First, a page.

While Joe Mauer enjoyed an MVP-caliber season in Minnesota, his older brother, Jake, led the Rookie-level Gulf Coast League Twins to a first-place finish and was named the circuit's Manager of the Year.
More good news came Wednesday when the Twins announced that the elder Mauer will pilot the Class A Advanced Fort Myers Miracle in 2010.
"I enjoyed working with the young kids in the GCL, but when I heard there was an opportunity [in Fort Myers], I was definitely interested," said Jake Mauer, who turns 31 in December. "Throughout the whole system, the emphasis is on development first and winning second. The two things go hand-in-hand. So while I'm moving up to a faster game, the philosophy remains the same -- to teach young men to be the best players they can be as they move through the levels, hopefully all the way to Minnesota."
Mauer replaces Jeff Smith, who received a promotion to Double-A New Britain after taking the Miracle to the Florida State League Finals in '09. The two men share the distinction of being the only managers in team history who had previously suited up for the Miracle as players.
Mauer, a 23rd-round pick in the 2001 Draft, appeared in 128 games for the club over the course of the '03 and '05 campaigns. He retired in 2005 after suffering an elbow injury and immediately began his coaching career.
"When I was playing, I always thought that I'd like to be a coach some day," said Mauer, who was teammates with brother Joe at Rookie-level Elizabethton in 2001 and Fort Myers in 2003. "But if you had told me [in 2003] that seven years later I'd be managing the team, I'd have told you that you were crazy.
"But I had an arm injury, certain things happened and here I am," Mauer added. "I've enjoyed it to this point and look forward to the challenges."
These challenges will be lessened somewhat by the presence of a veteran coaching staff. Hitting coach Jim Dwyer will be returning for his fifth season with the Miracle (and 14th within the Twins organization), while pitching coach Steve Mintz will be back for his second with the club and seventh overall.
"[Dywer] was a hitting coach when I was a player, so I've known him for almost 10 years now," Maure said. "And since he's been in the league for a little while, he has a very good understanding of what different organizations will try to do in terms of how they'll approach our hitters. My brother, Billy, (who was signed by the Twins as an undrafted free agent in 2003) worked with Steve in the GCL. He did a fantastic job with the staff last year and is another guy who will be valuable as far as his knowledge of the game and of the league."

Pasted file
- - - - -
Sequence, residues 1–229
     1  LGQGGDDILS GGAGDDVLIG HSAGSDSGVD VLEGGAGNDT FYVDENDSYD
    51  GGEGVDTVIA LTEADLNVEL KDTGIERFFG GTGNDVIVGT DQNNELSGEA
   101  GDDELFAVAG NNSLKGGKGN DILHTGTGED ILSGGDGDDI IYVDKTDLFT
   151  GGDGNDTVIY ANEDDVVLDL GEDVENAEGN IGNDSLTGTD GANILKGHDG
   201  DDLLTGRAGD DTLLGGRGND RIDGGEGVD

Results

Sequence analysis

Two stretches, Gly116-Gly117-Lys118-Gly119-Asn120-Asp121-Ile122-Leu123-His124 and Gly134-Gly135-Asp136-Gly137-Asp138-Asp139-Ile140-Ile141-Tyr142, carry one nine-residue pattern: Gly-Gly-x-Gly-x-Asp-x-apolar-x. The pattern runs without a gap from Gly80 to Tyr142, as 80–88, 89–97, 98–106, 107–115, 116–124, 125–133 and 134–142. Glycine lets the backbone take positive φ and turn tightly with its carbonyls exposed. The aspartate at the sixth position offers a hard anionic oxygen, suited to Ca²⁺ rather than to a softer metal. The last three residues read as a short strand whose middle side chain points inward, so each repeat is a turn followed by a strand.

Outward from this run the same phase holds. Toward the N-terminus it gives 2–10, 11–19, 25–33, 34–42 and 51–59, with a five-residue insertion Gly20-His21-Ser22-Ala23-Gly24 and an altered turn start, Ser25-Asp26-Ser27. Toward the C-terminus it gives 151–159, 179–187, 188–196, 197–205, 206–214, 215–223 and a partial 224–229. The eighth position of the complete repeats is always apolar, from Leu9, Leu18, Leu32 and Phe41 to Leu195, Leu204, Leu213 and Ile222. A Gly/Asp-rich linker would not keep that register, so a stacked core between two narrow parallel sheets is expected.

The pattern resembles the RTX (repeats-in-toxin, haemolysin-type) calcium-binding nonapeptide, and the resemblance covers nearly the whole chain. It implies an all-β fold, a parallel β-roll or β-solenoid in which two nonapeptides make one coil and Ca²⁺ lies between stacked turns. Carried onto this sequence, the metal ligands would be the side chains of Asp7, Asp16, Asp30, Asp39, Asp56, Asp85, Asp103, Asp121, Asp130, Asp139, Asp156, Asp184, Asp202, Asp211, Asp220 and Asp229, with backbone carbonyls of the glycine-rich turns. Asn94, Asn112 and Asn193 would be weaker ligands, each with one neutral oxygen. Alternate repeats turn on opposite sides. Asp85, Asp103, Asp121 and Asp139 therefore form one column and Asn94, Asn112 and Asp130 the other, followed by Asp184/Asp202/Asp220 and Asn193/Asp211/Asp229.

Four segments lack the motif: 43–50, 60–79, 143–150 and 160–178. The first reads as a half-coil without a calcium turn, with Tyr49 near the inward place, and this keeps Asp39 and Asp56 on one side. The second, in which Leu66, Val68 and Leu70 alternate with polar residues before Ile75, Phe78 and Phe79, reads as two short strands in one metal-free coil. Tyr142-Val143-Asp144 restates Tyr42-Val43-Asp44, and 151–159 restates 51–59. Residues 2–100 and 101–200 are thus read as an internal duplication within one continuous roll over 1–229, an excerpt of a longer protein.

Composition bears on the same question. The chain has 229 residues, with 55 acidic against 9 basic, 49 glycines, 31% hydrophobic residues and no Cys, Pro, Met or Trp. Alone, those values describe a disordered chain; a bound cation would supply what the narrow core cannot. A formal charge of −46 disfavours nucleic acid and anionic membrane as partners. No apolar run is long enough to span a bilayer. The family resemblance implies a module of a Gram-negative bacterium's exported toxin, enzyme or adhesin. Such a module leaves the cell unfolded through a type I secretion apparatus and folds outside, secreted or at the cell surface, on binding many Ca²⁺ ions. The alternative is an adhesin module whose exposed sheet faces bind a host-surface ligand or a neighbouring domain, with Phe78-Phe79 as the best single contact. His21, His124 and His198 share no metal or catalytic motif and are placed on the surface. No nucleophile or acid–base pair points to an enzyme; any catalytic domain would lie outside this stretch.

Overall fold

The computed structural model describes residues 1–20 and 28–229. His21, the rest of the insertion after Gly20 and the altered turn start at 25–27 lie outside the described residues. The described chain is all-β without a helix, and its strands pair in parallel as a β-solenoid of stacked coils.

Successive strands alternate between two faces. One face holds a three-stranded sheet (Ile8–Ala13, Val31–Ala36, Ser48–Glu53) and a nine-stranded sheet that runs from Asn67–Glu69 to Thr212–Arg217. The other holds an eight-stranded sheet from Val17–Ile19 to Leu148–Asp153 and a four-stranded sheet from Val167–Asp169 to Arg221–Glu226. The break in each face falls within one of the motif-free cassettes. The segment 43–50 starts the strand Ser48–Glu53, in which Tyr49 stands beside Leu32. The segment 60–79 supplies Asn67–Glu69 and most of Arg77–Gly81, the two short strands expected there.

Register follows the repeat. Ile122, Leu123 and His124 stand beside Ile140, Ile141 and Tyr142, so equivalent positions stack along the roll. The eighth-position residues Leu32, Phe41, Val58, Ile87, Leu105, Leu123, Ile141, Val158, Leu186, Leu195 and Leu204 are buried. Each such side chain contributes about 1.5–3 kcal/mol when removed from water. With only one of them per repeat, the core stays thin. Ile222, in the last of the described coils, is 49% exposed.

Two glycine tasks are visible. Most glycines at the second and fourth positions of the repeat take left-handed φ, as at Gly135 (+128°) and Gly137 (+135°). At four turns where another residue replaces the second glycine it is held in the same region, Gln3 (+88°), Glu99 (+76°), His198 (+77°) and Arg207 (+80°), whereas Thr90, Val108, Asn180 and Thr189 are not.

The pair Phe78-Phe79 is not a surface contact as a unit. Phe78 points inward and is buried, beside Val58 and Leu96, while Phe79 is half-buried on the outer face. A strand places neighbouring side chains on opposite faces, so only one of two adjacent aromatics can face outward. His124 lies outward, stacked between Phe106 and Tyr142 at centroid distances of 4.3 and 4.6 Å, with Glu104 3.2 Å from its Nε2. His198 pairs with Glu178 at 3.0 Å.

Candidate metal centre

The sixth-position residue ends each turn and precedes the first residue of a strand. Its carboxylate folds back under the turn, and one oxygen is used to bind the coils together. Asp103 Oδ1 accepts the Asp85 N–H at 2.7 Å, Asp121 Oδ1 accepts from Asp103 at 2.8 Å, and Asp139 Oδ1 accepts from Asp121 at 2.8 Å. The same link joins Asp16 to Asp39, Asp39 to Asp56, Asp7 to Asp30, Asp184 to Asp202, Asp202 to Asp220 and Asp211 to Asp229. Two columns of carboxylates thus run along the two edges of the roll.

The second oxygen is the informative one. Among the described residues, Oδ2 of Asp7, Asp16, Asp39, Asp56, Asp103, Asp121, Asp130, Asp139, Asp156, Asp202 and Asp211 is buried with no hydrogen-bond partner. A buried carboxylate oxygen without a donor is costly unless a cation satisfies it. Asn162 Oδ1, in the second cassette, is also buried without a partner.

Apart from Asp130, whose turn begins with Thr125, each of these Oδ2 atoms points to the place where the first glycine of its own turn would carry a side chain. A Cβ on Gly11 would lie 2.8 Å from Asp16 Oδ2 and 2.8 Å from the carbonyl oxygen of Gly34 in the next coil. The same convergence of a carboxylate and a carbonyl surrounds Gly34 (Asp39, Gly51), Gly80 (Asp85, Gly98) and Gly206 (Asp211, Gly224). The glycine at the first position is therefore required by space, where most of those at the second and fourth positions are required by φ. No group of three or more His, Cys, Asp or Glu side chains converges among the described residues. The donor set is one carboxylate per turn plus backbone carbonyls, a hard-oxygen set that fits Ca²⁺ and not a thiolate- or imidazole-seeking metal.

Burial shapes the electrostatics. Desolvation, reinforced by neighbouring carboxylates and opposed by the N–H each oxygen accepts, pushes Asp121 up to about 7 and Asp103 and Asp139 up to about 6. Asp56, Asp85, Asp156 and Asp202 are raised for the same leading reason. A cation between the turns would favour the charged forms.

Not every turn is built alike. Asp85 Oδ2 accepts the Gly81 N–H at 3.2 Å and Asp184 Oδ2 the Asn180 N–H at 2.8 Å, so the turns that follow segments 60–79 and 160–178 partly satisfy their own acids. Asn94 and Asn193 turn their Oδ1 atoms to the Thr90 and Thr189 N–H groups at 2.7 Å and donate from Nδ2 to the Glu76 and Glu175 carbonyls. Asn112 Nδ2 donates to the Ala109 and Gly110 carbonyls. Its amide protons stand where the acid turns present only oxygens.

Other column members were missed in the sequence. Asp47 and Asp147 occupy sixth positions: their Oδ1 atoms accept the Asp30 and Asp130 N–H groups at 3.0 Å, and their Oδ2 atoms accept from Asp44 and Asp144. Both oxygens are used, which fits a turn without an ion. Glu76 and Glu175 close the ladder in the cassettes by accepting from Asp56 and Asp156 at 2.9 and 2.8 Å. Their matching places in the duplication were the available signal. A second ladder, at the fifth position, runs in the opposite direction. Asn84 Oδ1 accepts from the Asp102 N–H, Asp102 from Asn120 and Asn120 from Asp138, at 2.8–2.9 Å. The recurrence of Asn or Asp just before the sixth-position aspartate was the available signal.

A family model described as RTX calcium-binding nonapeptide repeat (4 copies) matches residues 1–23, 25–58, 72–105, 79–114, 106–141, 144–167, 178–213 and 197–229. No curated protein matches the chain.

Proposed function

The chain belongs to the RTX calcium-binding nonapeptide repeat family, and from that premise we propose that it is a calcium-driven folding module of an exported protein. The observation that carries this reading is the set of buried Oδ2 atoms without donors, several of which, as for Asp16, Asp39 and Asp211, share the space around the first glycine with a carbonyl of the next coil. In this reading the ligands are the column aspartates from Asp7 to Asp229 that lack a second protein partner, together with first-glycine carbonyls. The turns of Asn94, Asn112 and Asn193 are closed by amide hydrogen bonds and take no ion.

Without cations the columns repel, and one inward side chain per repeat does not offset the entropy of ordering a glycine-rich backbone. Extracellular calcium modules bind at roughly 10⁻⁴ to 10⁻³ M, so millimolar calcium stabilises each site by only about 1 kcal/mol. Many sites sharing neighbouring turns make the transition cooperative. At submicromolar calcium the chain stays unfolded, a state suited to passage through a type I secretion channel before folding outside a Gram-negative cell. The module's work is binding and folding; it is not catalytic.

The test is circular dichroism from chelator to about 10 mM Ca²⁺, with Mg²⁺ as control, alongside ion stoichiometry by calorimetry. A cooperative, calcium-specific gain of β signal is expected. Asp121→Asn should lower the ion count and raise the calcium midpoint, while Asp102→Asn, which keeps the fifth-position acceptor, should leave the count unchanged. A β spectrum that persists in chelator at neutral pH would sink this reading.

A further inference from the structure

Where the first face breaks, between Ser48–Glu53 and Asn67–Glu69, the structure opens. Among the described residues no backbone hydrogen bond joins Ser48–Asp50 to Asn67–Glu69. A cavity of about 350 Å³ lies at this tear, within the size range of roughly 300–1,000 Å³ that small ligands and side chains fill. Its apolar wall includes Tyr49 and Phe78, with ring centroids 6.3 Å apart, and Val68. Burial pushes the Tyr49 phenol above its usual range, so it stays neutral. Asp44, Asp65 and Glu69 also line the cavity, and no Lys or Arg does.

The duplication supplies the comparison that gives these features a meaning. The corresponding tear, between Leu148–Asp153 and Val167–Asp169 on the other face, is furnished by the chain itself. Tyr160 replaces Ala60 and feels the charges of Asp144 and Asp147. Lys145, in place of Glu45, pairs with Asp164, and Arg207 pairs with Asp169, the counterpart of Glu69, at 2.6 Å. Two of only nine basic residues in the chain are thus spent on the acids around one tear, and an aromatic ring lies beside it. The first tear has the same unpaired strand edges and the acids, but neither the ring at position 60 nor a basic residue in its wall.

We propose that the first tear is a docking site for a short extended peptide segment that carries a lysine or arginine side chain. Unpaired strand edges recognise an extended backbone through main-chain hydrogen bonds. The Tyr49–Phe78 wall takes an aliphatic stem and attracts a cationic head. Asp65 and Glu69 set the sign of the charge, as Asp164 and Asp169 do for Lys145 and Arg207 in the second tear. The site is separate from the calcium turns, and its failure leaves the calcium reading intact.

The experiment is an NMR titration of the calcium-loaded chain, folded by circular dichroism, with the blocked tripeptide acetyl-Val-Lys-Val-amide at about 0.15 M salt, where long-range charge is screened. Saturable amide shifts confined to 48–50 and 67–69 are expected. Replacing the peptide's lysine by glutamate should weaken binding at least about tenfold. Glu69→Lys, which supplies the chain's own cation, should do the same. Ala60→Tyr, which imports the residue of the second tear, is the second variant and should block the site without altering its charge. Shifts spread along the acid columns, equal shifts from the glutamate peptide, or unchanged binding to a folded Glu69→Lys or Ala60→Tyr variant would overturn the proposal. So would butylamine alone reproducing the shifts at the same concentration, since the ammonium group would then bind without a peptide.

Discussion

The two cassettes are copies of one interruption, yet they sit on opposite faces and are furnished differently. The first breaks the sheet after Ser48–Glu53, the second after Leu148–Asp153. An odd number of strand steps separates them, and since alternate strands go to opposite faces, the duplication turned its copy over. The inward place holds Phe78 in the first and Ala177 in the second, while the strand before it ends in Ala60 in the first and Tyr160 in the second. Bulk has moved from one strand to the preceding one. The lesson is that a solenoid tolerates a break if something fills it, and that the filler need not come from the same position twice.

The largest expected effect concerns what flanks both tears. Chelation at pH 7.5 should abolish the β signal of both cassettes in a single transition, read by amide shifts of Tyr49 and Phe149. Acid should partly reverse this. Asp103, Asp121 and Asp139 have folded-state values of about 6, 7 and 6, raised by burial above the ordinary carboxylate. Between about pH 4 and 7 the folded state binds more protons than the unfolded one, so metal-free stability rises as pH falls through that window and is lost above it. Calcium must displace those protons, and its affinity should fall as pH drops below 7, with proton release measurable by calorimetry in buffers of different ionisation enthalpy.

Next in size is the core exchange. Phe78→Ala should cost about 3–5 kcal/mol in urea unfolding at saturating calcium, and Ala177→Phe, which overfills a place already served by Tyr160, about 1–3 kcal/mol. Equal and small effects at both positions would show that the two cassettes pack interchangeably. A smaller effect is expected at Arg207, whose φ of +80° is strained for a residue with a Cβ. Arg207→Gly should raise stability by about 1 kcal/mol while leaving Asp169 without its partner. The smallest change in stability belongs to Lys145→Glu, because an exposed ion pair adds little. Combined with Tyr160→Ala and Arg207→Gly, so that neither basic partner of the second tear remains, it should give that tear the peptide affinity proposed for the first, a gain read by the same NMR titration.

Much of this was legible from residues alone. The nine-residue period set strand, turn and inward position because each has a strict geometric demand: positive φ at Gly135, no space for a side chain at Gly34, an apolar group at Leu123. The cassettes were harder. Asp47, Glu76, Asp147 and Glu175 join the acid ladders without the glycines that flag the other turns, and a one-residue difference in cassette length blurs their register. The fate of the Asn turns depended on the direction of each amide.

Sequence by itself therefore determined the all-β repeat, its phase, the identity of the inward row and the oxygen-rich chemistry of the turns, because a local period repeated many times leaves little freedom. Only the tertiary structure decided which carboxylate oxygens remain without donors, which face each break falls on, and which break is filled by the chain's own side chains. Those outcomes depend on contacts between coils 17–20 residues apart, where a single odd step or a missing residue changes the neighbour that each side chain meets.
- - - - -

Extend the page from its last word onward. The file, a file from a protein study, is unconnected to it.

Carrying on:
Florida in the summer might not seem like a ideal situation for a Minnesota native, but Mauer said he has gotten used to the environment.
"This will be my fifth year in Florida, and it's going to sound funny but I've really gotten used to the heat," said Mauer, who makes his offseason home in St. Paul with his wife and one-year-old daughter. "In a way, it's similar to winter in Minnesota. There, you go outside and know it's going to be cold. Here, you know it's going to be hot. It's just a matter of getting your body acclimated. It's well known around town that when the sun goes down, there's nothing better than going to Hammond Stadium and taking in a game.
"It's a Major League Spring Training facility, like all the facilities in the [Florida State] league, and you can't ask for more than that," he said.
But no matter how content Mauer may be for now, it's only natural to wonder what the future might hold. Could the Mauer brothers one day find themselves sitting side by side in the Twins dugout?
"It's not over yet, that dream of getting to the big leagues. But it's not something I could ever put a timetable on," said Mauer. "It would be incredible to work at that level, and if my brother was there and part of it as well, that would make it even more special."
For now, however, the focus is on 2010.
"I'm just grateful that I've been given the chance to make my own way and go my own route," said Mauer. "I'm glad that the Twins are keeping me around because they find value in what I do, and not just because of my last name."
Benjamin Hill is a reporter for MLB.com. This story was not subject to the approval of Major League Baseball or its clubs.